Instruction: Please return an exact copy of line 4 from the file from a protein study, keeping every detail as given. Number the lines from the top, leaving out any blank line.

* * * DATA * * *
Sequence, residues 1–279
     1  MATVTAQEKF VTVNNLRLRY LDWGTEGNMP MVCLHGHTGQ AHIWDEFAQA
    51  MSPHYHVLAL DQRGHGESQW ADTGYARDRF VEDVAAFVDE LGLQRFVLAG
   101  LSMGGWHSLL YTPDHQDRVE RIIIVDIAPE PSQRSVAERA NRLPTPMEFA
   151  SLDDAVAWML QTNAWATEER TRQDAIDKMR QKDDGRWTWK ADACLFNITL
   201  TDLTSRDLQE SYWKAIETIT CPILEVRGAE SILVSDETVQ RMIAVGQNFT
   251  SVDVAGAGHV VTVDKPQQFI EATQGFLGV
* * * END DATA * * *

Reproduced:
   101  LSMGGWHSLL YTPDHQDRVE RIIIVDIAPE PSQRSVAERA NRLPTPMEFA